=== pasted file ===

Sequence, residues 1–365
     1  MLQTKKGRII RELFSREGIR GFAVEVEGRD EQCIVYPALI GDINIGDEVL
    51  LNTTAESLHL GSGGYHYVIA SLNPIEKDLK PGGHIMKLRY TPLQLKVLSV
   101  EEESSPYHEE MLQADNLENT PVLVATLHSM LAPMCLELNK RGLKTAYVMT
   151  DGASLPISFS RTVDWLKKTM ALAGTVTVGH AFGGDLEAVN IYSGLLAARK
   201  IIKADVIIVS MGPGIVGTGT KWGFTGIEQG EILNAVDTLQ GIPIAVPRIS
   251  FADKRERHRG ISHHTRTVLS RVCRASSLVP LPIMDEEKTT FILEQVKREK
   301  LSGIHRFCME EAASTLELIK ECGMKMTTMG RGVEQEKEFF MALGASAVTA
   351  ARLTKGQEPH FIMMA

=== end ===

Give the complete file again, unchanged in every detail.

Sequence, residues 1–365
     1  MLQTKKGRII RELFSREGIR GFAVEVEGRD EQCIVYPALI GDINIGDEVL
    51  LNTTAESLHL GSGGYHYVIA SLNPIEKDLK PGGHIMKLRY TPLQLKVLSV
   101  EEESSPYHEE MLQADNLENT PVLVATLHSM LAPMCLELNK RGLKTAYVMT
   151  DGASLPISFS RTVDWLKKTM ALAGTVTVGH AFGGDLEAVN IYSGLLAARK
   201  IIKADVIIVS MGPGIVGTGT KWGFTGIEQG EILNAVDTLQ GIPIAVPRIS
   251  FADKRERHRG ISHHTRTVLS RVCRASSLVP LPIMDEEKTT FILEQVKREK
   301  LSGIHRFCME EAASTLELIK ECGMKMTTMG RGVEQEKEFF MALGASAVTA
   351  ARLTKGQEPH FIMMA